They must record accurately where finds are made, to at least a 100m square area. Most importantly they must notify the authorities – the PAS or local finds liaison officers – as soon as possible.

Modern ploughing has been blamed by some for damaging antiquities such as the Ringlemere Cup.

Michael Lewis, deputy head of the PAS at the British Museum, says liaison with detectorists is the way to ensure vital evidence was saved for posterity.

“About 90 percent of all archaeological finds come from ploughed land. In effect people doing metal detecting are recovering these items before they’re smashed to bits.”

And the force of detectorists, estimated to be 30,000 strong, provide two other avenues of help for archaeologists.

Dr Lewis says most digs now use metal detectors, and some chose hobbyists to operate them because of their proficiency with the kit.

And the random nature of detectorists’ sweeps offer “different sort of finds where archaeologists haven’t normally been to provide clues about new sites”.

Glimpse of past

Bob Baldock, vice-chairman of the National Council for Metal Detecting, says his members have helped build up a map of finds.

“In my local club we are trying to paint a picture of Warwickshire. Archaeologists finds are selected sites, castles, villas, but some of the best information is from the random finds, random losses from the population in the past.”

But archaeologists do know the consequences of rogue treasure hunters armed with metal detectors descending on a valuable site.

In the 1980s details of a find of coins at Wanborough became public and sparked a frenzy. The site – believed to be a Romano-Celtic temple – was left a patchwork of holes by treasure hunters who stole up to 10,000 coins. Police only recovered about 1,000.

Since 1996, the legal position has been easier for detectorists. That year’s Treasure Act makes the legal position for gold and silver over 300 years old absolutely clear.

The finders and landowners can expect to be paid market value for their discovery which has led to some big rewards and given a great incentive for the most valuable finds to be reported.

But for most the pleasure of finding something historic is all they need. Mr Baldock says his favourite item was a Bronze Age axe head.

“It was 4,000 years old, and finding it was a great thrill. There is no value in the item, except it is one of the oldest metal items around.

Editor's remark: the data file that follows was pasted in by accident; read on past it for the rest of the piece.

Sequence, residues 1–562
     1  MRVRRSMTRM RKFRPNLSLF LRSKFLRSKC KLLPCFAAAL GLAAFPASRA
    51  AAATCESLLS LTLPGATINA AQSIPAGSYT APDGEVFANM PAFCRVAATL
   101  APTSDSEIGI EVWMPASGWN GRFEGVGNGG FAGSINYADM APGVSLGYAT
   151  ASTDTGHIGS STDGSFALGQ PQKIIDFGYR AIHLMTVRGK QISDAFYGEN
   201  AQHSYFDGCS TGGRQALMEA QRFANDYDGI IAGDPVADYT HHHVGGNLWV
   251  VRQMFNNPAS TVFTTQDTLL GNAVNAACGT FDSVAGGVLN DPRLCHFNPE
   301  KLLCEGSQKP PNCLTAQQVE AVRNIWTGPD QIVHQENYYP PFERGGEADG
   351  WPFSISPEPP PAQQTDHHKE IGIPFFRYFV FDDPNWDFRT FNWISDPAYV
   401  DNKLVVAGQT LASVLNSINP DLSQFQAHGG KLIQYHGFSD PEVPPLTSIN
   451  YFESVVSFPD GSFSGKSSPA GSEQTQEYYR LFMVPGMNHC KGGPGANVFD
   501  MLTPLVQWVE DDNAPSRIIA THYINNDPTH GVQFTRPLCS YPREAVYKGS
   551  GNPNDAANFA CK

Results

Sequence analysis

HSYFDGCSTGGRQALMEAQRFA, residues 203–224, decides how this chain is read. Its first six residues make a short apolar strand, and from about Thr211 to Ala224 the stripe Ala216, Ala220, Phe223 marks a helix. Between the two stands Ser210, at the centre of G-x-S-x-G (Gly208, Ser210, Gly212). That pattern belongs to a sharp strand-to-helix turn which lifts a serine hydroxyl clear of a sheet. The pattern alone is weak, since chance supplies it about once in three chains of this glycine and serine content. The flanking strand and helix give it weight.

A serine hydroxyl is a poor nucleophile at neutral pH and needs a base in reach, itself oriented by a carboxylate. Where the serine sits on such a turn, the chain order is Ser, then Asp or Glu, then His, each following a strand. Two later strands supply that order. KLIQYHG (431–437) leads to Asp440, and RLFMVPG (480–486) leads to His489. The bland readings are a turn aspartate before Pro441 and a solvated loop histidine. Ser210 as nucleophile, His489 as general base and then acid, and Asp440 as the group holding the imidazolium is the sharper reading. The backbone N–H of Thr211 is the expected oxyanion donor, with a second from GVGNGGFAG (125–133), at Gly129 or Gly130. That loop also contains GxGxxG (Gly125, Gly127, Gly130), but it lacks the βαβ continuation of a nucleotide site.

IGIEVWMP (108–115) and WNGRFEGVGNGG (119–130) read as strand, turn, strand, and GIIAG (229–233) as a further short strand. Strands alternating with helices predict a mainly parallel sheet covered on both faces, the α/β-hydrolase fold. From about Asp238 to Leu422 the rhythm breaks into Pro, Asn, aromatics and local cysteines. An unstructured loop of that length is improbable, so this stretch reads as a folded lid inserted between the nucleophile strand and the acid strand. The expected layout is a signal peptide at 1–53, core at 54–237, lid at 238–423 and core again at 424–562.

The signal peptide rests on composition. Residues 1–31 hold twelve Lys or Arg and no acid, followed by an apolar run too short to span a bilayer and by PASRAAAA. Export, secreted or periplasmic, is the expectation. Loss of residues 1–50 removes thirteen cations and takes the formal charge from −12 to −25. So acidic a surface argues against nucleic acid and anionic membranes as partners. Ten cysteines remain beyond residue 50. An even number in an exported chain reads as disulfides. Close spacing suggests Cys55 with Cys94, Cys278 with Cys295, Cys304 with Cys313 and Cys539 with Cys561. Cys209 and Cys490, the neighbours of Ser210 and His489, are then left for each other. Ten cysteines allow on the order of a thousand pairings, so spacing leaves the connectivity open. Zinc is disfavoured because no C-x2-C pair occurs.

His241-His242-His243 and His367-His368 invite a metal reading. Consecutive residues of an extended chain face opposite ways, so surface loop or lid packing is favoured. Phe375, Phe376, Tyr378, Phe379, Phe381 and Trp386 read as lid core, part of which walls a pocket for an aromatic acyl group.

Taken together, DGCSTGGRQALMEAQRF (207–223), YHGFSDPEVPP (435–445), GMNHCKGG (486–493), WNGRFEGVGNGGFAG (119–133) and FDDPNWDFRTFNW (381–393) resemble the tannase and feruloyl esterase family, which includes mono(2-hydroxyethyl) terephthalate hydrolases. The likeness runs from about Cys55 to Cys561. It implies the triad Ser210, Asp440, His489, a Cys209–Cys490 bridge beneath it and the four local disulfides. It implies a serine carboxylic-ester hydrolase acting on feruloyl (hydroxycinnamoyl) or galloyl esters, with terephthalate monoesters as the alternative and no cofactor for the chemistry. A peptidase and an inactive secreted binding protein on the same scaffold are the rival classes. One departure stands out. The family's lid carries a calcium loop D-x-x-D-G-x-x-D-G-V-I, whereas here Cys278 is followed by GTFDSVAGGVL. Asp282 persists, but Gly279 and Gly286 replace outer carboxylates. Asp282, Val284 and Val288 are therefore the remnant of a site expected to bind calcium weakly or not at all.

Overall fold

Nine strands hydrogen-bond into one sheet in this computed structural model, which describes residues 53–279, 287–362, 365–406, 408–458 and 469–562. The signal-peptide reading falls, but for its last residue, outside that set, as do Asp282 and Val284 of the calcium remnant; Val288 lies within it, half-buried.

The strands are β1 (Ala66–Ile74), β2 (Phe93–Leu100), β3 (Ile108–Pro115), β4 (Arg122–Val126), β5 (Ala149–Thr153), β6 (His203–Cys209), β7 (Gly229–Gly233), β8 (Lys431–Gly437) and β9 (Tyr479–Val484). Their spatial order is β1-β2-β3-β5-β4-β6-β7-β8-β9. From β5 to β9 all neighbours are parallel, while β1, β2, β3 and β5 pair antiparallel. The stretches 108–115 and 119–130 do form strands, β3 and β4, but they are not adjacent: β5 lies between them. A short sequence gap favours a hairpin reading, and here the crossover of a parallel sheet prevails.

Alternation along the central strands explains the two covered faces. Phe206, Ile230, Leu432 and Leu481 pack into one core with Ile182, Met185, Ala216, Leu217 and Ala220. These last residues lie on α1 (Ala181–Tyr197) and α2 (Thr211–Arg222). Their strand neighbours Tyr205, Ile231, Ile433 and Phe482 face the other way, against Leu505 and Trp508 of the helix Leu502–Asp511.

“To find an axe from the Bronze Age is pretty exciting, and sharing it with the other club members, everybody having a look and a feel of it.”

This weekend the metal detectorists will be continuing their work, whatever the weather.

As Mr Baldock says: “I’ve seen people going out in snow and wind and rain. Nothing stops us.”


Crackdown launched on rogue treasure hunters
Tue May 2, 2006 1:28 PM BST12

By Jeremy Lovell

LONDON (Reuters) – Britain launched a crackdown on rogue treasure-hunters on Tuesday in an effort to protect the country’s ancient heritage.

Faced with a growing number of priceless artefacts appearing for sale on Internet, museums, metal detectorists and archaeologists in England and Wales have agreed a new code of conduct.

The voluntary code comes after massive looting of a Roman-Celtic temple at Wanborough in Surrey in the mid-1980s and as customs officers seize ever more antiquities being smuggled out of the country.

“This code represents a major step forward,” said Mike Heyworth of the Council for British Archaeology.

“Most detectorists are only interested in finding and preserving local antiquity … and to make a positive contribution to our historical knowledge,” he told reporters at the British Museum.

“There are just a few illicit detectorists motivated solely by profit.”

In recent years, amateur metal detectorists have unearthed invaluable artefacts like the Bronze Age Ringlemere Gold Cup, the Winchester Hoard of Iron Age jewellery and the bronze Roman Staffordshire Moorlands Pan.

But Roger Bland, head of the portable antiquities scheme at the museum, said unscrupulous detectorists were arriving from the Netherlands and the United States to search illegally for buried treasure which was then offered for sale on the Internet.

“Most detectorists are highly responsible, getting permission from the landowner to search and reporting the fact and exact location of their finds,” he said.

“But just a few aren’t, and they are the ones doing the damage,” he added, stressing that ignorance of correct procedure was as much to blame as the deliberate flouting of it.

Under the code, detectorists must get permission to search, join a recognised detectorists’ club, log the precise location of any find and report it to the landowner — who has a share in any valuation — and to the portable antiquities scheme.

Steve Critchley, head of the National Council for Metal Detecting, estimated there could be between 20,000 and 30,000 detectorists in the country.

“While the archaeologists go for the big cherries, we detectorists tend to operate in the periphery and what we find adds significantly to the sum of knowledge — which is why it is so important to log it precisely,” Critchley said.

“Every find adds to the picture. The danger is the lack of recording,” he added.

Bland estimated that currently as many as half of the artefacts found — ranging from belt buckles to plates — might not be being declared.

© Reuters 2006. All Rights Reserved.

VN:F [1.9.22_1171]
Rating: 0.0/5 (0 votes cast)

Possibly related articles

RSS feed for comments on this post · TrackBack URL

Leave a Comment

We want to hear your views. Be as critical or controversial as you like, but please don't get personal or offensive. Remember this is for feedback and constructive discussion!
Comments may be edited or removed if they do not meet these guidelines. Repeat offenders will be blocked from posting further comments. Any comment deemed libellous by Elginism's editors will be removed.
The commenting system uses some automatic spam detection and occasionally comments do not appear instantly - please do not repost comments if they do not show up straight away